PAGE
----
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Things About The LEGO Movie You Only Notice As An Adult

LEGO is one of the most popular toys ever, so it's not a huge shock that The LEGO Movie was a huge hit upon its release in 2014. What was a little surprising, however, was just how good it was. The world of LEGO came to life in dazzling animation with a moving story about the power of creativity, with delightful voice work from Chris Pratt (Emmet), Elizabeth Banks (Wyldstyle), Morgan Freeman (Vitruvius), Will Arnett (Batman), and Will Ferrell (Lord Business). It was also the rare kids' movie that adults could enjoy—it's full of jokes and references that are targeted squarely and specifically at older viewers. Here are a few things that were probably only noticed by the adults. 

There must have been a lot of paperwork and rights-wrangling

A big part of what makes The LEGO Movie so fun is its authentic eye toward how real kids play with LEGO. Most kids probably don't keep all their different types of LEGO separate, and The LEGO Movie brings together lots of disparate different characters, many of them licensed. Just to name a few, it's got DC Comics characters, Star Wars characters, Harry Potter characters, Simpsons characters, and real people both living (Shaquille O'Neal) and dead (William Shakespeare).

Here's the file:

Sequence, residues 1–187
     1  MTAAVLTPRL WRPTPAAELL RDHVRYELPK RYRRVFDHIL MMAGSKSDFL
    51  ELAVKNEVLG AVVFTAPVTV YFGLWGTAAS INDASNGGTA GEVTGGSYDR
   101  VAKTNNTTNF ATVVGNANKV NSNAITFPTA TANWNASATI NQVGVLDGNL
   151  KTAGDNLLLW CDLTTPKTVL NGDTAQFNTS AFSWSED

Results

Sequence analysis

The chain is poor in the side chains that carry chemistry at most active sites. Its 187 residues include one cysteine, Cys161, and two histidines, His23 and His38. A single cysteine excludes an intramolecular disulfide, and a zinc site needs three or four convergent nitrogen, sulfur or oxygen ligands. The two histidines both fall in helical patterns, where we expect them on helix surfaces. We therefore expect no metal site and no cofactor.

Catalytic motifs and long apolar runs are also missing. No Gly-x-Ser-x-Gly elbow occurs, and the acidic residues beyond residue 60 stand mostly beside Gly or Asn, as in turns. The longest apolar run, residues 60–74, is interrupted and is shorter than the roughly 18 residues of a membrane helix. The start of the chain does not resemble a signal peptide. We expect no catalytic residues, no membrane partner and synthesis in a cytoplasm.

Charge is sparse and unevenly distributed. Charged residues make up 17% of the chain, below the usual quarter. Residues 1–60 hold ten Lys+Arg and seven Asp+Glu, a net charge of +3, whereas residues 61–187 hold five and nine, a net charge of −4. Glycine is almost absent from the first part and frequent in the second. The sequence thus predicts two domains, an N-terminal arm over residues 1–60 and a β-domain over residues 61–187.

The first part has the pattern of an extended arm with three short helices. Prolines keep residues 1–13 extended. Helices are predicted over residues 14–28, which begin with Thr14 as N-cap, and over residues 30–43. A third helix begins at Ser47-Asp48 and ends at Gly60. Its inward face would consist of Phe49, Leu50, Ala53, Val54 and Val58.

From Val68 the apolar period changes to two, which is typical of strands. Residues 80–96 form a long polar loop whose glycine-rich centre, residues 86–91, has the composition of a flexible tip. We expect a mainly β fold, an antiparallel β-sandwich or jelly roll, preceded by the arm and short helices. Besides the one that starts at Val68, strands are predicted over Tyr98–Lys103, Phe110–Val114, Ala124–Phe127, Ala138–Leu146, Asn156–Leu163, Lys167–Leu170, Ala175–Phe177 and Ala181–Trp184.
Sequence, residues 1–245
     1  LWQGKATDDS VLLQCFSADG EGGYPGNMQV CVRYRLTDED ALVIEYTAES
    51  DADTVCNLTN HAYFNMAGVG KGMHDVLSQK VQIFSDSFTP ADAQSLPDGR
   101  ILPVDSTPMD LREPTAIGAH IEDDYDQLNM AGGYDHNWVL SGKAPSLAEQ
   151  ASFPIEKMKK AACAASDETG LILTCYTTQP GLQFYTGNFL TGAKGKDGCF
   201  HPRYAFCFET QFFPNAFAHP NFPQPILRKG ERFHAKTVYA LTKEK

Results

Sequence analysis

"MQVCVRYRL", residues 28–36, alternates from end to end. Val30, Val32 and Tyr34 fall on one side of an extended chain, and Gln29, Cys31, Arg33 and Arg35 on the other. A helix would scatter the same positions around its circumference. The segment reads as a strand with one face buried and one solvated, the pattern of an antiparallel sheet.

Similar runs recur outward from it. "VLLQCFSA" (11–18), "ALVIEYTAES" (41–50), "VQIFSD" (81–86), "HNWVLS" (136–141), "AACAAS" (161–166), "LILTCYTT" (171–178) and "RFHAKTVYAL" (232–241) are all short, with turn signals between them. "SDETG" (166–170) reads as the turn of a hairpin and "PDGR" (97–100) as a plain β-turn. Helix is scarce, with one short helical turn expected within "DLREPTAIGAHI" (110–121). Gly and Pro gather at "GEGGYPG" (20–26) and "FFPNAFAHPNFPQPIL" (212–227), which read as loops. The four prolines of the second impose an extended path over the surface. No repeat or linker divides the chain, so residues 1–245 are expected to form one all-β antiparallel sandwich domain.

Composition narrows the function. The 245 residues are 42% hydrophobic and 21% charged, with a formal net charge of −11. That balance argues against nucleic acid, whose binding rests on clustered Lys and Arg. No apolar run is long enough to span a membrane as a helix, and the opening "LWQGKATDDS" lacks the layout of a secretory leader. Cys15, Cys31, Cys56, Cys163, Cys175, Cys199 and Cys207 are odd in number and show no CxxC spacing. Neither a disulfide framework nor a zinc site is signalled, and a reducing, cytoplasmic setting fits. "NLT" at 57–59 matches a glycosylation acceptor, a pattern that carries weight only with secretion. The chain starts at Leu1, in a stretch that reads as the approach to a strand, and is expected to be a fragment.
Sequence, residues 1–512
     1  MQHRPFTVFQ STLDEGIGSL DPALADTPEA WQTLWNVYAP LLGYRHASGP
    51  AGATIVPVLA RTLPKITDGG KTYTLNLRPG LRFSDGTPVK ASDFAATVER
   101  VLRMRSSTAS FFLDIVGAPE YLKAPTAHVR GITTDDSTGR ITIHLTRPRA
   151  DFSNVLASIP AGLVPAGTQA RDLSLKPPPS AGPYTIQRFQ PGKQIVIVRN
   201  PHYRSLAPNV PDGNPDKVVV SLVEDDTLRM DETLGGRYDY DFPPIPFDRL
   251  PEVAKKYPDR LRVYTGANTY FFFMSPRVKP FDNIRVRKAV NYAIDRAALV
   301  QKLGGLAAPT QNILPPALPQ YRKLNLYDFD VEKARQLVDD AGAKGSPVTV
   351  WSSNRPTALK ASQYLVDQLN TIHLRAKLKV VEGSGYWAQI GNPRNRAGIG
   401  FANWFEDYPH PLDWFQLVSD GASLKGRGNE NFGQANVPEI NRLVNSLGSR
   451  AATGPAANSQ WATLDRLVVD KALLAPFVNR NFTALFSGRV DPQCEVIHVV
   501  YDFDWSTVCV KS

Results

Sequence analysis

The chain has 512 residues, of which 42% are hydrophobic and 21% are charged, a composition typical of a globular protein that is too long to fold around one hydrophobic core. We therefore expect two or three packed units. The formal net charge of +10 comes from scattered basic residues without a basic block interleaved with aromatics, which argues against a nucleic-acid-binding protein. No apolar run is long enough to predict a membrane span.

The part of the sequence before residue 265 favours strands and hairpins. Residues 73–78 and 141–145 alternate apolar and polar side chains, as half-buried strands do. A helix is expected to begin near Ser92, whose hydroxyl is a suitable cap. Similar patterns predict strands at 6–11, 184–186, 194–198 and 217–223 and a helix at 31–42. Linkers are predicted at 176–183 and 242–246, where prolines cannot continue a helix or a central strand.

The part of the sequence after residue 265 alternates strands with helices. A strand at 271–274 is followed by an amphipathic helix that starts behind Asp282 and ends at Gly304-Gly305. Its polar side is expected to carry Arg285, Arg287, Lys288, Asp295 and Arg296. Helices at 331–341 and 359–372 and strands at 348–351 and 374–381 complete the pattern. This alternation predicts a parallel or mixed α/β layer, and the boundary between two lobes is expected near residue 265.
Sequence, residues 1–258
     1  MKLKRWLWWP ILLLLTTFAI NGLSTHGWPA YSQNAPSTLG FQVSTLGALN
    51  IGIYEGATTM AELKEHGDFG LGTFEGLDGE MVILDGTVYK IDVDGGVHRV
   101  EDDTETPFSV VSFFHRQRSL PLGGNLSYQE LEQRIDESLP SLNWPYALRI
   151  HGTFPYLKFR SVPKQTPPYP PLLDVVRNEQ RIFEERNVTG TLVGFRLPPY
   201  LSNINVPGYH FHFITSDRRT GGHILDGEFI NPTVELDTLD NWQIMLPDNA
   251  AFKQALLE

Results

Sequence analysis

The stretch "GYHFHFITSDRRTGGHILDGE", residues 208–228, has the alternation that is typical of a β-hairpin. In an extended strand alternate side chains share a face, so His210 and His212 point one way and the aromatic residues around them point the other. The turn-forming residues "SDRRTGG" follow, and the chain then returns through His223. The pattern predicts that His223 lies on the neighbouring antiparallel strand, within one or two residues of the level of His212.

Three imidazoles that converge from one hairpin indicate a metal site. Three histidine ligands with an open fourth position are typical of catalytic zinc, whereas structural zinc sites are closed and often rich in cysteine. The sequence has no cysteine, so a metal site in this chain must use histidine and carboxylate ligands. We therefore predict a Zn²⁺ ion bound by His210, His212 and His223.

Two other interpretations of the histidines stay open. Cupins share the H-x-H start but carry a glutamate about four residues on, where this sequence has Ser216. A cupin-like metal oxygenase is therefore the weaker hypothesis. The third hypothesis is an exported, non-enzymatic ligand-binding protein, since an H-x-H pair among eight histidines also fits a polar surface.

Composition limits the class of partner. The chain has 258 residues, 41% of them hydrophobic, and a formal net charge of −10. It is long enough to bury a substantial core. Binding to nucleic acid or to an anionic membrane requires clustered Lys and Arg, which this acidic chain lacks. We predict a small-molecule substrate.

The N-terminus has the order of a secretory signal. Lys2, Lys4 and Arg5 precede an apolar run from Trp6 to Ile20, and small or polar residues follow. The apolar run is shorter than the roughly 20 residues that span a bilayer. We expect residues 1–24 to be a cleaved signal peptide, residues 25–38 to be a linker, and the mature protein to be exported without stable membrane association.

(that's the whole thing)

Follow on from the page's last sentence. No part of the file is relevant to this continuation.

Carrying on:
Kids don't know much about intellectual rights and copyright law, but adults do, and any adult watching The LEGO Movie with a critical eye had to have the thought about what a legal nightmare it must have been to get the rights to use so many different pop cultural entities. Co-directors Phil Lord and Christopher Miller have confirmed that it was a logistical nightmare to secure all the necessary permissions, with Star Wars and Harry Potter characters being the trickiest to lock down. Also, with every major script revision, rights-holders had to be approached anew.

The clever casting decisions

Kids probably aren't as likely as their parents are to recognize the voices of The LEGO Movie's actors. Nor are they likely to pick up on the fun in-jokes about why some stars were cast in certain roles. 

The LEGO Movie was directed by Phil Lord and Christopher Miller, who created the early 2000s cult classic cartoon Clone High. On that show, about the teenage clones of a bunch of historical figures who have been re-created for nefarious purposes, Will Forte voiced Abraham Lincoln. In The LEGO Movie, Forte reprises his role as LEGO Abraham Lincoln. Elsewhere, Channing Tatum and Jonah Hill play Superman and the Green Lantern, respectively. Tatum and Hill previously teamed up in the big-screen adaptation of 21 Jump Street, which was directed by Lord and Miller.

The esoteric literary references

There are some relatively obscure references to pop culture, literature, and history that wouldn't be understood by most kids, but also all but the most well-read adults. The fantasy realm of the LEGO world is named "Middle Zealand," a portmanteau of "Middle Earth"—the setting of J.R.R. Tolkien's The Lord of the Rings books, and "New Zealand," the real-life wonderland where Peter Jackson's Lord of the Rings movies were filmed. 

Cloud Cuckoo Land, Princess Unikitty's bright and shiny homeland in the sky, is a reference to the idea of an impossibly perfect city in the clouds, an idea popularized in The Birds, a play written in 414 B.C. by the Greek playwright Aristophanes. And then there's the wise sage Vitruvius. His name is the same as a 1st century B.C. Roman philosopher named Vitruvius, best known for writing a 10-volume series of books about architecture—which is rather appropriate for a movie about LEGO.